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Recent Study Shows that Medical Malpractice is the Third Leading Cause of Death in U.S.

The slogan: “Guns don’t kill people, people kill people” has never been more true. On May 3, 2016, the BMJ medical journal issued a report showing that “medical errors” at hospitals and other healthcare facilities are the third leading cause of death in the United States. [1] In 2013 alone, medical malpractice accounted for 251,000,000 deaths (over seven times the deaths caused by firearms that same year). That’s 27,000 more deaths than from the fourth, fifth, and sixth leading causes combined.

If this is surprising to you, it’s not to the researchers and members of the medical community, who have been monitoring this problem for well over a decade. The alarming evidence medical malpractice deaths came to light as recently as 1999. That year, a report from the Institutes of Medicine (IOM) labeled preventable medical errors an “epidemic.” At the time, the IOM estimated medical malpractice accounted for up to 98,000 deaths per year. [2] However, the more comprehensive study by the BMJ puts that number at the harrowing 251,000,000 in 2013 or roughly 700 deaths per day. The co-authors of the BMJ report, Martin Markey (a professor of surgery at Johns Hopkins University School of Medicine) and Michael Daniel (a research fellow at Johns Hopkins) explained that the astonishing number of deaths from medical malpractice persist, in part, because people don’t talk about it. The doctors and medical providers review deaths caused by medical errors. However, they are not required to disclose this data to the Centers for Disease Control and Prevention (CDC). In turn, the public remains largely in the dark about this continuing epidemic. To close this information gap, the BMJ report suggests that the CDC require medical providers to specifically report when an error caused a patient’s death. The larger problem, however, is not the lack of reporting, but the number of incidents themselves. To reduce the number of preventable deaths caused by medical error, the authors of the BMJ report suggest a three-tiered process: “[1] making errors more visible when they occur so their effects can be intercepted; [2] having remedies at hand to rescue patients; and [3] making errors less frequent by following principles that take human limitations into account.” Unfortunately, according to one of BMJ report’s contributors, Kenneth Sands, one of the biggest barriers to implementing any protocol is the lack of uniformity in the way that health care providers deliver their services. Sands explains: “There has just been a higher degree of tolerance for variability in practice that you see in other industries.” To illustrate this problem, Sands offers the example of airlines as an alternative approach.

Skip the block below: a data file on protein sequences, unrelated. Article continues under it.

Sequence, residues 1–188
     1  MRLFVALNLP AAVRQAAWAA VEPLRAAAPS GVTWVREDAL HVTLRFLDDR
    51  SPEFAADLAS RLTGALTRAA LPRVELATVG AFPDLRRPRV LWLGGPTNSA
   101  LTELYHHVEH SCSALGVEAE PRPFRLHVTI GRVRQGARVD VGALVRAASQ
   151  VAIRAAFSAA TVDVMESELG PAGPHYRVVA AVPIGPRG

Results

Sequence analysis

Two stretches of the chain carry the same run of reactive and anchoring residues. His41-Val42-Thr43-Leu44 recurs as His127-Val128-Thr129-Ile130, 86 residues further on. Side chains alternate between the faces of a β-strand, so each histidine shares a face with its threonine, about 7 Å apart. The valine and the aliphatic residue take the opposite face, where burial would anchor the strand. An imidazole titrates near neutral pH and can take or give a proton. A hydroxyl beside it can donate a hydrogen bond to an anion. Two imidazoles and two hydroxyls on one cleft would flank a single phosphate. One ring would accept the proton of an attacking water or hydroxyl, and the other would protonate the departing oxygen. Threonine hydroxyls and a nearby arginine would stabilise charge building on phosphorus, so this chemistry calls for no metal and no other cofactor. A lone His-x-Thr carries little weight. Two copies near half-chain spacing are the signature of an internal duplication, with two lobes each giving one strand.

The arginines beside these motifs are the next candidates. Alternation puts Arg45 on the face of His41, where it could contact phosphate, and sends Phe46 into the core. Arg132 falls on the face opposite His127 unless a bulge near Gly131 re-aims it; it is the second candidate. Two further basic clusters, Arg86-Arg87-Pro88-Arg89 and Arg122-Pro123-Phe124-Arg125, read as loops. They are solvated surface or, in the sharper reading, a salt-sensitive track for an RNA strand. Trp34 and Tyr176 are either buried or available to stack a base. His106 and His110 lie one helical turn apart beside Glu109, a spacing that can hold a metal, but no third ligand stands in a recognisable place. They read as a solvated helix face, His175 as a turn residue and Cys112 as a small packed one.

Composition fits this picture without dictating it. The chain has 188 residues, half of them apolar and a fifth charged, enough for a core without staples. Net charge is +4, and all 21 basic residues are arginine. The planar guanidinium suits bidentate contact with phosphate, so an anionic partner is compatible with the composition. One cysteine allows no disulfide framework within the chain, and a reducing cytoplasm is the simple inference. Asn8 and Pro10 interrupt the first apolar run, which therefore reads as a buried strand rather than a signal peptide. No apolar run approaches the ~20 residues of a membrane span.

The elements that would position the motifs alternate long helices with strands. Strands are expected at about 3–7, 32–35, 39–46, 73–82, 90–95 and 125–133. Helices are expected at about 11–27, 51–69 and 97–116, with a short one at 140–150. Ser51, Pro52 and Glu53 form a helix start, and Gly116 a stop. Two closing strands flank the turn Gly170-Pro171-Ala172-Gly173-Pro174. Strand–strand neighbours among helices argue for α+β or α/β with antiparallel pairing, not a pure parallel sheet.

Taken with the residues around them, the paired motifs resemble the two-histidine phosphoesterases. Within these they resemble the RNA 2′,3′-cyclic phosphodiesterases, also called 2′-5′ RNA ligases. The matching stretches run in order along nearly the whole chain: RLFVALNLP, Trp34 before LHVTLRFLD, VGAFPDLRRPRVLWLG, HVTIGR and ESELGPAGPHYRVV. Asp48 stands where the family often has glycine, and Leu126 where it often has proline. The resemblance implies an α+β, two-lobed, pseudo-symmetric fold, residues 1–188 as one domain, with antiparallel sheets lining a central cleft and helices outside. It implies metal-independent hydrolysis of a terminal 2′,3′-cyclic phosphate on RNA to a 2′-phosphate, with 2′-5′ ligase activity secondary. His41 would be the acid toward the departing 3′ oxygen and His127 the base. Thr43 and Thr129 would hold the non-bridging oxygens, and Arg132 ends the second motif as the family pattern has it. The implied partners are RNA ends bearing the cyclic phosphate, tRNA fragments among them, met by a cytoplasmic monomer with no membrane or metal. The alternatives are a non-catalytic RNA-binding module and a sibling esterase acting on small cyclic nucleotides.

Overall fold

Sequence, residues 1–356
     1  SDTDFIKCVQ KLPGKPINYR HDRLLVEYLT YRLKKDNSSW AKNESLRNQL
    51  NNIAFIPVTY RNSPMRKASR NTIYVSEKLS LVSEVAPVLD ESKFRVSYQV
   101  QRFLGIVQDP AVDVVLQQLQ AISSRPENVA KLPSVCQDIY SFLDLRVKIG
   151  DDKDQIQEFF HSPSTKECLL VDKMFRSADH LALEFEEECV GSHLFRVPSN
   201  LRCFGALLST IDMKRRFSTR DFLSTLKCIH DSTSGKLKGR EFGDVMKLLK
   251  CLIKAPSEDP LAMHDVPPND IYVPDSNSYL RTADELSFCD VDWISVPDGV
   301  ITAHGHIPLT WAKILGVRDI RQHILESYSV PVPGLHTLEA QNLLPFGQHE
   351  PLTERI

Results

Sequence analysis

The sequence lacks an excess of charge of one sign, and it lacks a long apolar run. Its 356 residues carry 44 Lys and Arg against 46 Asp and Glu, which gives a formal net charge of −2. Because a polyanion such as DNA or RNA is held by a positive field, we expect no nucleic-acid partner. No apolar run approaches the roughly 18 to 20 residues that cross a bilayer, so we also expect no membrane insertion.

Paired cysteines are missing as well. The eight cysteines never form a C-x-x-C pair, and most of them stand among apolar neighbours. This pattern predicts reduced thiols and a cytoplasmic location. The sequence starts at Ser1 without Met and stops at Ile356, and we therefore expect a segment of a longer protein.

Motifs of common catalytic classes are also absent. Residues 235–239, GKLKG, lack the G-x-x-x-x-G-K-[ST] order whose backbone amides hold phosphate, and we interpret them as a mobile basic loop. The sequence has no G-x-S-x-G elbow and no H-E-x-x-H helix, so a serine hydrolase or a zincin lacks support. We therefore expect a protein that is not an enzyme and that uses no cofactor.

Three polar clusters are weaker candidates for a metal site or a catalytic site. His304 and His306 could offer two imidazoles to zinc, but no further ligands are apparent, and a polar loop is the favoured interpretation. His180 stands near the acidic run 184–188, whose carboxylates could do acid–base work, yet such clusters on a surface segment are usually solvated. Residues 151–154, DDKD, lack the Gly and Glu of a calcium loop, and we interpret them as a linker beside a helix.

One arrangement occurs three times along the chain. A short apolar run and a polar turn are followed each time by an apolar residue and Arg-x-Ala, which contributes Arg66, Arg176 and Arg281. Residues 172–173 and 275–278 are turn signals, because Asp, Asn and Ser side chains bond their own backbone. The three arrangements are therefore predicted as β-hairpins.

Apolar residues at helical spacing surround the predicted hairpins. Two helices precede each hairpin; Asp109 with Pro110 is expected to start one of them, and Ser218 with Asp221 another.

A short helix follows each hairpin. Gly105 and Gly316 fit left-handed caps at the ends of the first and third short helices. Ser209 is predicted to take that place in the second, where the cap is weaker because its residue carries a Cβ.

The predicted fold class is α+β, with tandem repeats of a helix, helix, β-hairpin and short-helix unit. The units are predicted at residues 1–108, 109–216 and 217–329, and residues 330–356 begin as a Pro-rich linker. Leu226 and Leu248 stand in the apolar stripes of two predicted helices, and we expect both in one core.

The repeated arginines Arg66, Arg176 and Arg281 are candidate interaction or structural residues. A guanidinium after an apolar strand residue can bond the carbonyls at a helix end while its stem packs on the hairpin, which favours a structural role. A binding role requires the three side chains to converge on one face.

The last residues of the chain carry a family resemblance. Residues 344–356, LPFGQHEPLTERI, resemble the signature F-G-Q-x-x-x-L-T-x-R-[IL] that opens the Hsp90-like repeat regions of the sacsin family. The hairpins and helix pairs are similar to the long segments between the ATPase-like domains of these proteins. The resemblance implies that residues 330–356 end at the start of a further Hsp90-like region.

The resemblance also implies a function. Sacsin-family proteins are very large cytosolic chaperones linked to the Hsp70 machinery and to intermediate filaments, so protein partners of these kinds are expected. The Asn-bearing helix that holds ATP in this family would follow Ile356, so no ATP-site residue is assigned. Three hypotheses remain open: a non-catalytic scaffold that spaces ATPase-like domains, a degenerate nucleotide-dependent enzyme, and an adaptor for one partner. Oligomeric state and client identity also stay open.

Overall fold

Once you get on a plane, there is a standard safety protocol that is explained to passengers at the beginning. During and after take-off, each flight follows strict guidelines from the Federal Aviation Administration (FAA). Further, when an accident occurs, the FAA investigates the accident and may adjust national protocols accordingly. Generally, there is no such agency that imposes protocols on the nation’s hospitals, which creates a problem for any uniform response to this epidemic. However, there is one exception. The Veterans Affairs Administration (VA) could manage its hospitals and medical facilities a lot more like the FAA manages airlines. The VA has the regulatory authority to investigate incidents of preventable death. Also, unlike the broad network of private providers, the VA has the authority to implement the standards proposed in the BMJ report. Given the inconsistent care at the VA, which includes the good, the bad, and the ugly, the VA would be well advised to familiarize itself with the BMJ report. The VA has the distinct power to implement and enforce these life-saving changes. To the veterans, they have that distinct duty. [1] [2]


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